Labour has more than halved the gap on the Conservatives with less than 48 hours until polls close, according to the final detailed polling projection of the election campaign.
On the eve of polling day, a major YouGov survey predicts the Tories will win a majority of 28, gaining just 22 seats compared with the 2017 general election. A previous projection in November using the same methodology gave the Tories a majority of 68.
It suggests another hung parliament remains within the range of possible outcomes when voters go to the polls tomorrow.
Jeremy Corbyn will visit Glasgow today as the two party leaders make their final campaign swings.
YouGov gave a range for the possible Tory seat tally at between 311 and 367. The MRP survey puts Labour on 231 MPs, a loss of 31, and the Liberal Democrats on 15, up three.
In Scotland, YouGov predicts only modest gains for the SNP, with the Nationalists on 41 MPs, up six.
It suggests that Labour’s fight back could extend north of the Border, with the SNP only taking Glasgow North East and Midlothian.
Other Nationalist gains would come at the expense of the Conservatives, in Stirling, Angus, East Renfrewshire, Gordon, and Ochil and South Perthshire.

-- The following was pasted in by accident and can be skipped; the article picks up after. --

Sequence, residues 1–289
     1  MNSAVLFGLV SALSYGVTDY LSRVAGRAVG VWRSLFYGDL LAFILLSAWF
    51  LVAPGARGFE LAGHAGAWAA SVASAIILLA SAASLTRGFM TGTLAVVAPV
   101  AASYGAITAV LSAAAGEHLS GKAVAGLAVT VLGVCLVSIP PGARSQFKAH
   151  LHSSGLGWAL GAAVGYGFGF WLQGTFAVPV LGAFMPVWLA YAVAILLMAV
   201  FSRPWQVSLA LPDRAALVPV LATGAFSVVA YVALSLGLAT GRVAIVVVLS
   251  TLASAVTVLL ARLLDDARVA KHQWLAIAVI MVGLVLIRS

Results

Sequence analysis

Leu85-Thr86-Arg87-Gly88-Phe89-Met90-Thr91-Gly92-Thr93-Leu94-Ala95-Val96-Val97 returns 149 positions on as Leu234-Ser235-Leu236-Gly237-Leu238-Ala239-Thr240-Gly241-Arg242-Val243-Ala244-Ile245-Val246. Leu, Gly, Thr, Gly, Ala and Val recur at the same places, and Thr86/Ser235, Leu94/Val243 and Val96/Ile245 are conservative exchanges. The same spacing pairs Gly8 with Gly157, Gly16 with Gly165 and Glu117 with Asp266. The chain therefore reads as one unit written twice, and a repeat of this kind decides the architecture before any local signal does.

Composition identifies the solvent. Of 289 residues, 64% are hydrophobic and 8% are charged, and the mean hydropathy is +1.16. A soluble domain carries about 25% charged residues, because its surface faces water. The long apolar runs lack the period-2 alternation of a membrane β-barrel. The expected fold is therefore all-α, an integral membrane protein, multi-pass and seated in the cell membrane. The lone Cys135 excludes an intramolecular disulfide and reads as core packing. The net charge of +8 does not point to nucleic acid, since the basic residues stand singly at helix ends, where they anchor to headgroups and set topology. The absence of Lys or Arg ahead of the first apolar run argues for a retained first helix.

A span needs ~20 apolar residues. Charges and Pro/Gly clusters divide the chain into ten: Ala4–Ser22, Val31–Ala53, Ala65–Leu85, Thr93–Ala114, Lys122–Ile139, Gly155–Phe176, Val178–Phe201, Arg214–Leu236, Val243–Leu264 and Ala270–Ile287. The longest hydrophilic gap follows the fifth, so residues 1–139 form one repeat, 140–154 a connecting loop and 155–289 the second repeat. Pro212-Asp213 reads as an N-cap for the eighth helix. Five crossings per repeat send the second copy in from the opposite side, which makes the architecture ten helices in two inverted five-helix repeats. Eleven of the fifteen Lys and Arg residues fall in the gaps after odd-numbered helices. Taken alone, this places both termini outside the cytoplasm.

But the Scottish Tories could pull off a shock victory in Lanark and Hamilton East, taking the three-way marginal from the SNP, according to YouGov’s projection.
YouGov’s multilevel regression and post-stratification (MRP) analysis uses data from 100,000 interviews with voters over the past seven days to predict results across Great Britain.
According to the pollster’s analysis, Labour has gained an average of 6 per cent in areas that voted to stay in the EU, and 2 per cent in areas that voted to leave.
Foreign Secretary Dominic Raab and former Tory leader Iain Duncan Smith are both at risk of losing their seats, with the Lib Dems in Esher and Walton and Labour in Chingford and
Woodford Green closing within 2 per cent. Chris Curtis, YouGov’s political research manager, said: “Our latest and final poll shows that a small Conservative majority is likely, with the
Tories taking 22 more seats than in 2017 and Labour losing 31. This would be the best and worst results respectively for each party since the 80s.
“But the margins are extremely tight and small swings in a small number of seats, perhaps from tactical voting and a continuation of Labour’s recent upward trend, means we can’t currently rule out a hung parliament.
“As things currently stand there are 85 seats with a margin of error of 5 per cent or less.”
Our Future Our Choice, the youth campaign for a second EU referendum, said “denying Boris Johnson a majority is within our grasp”.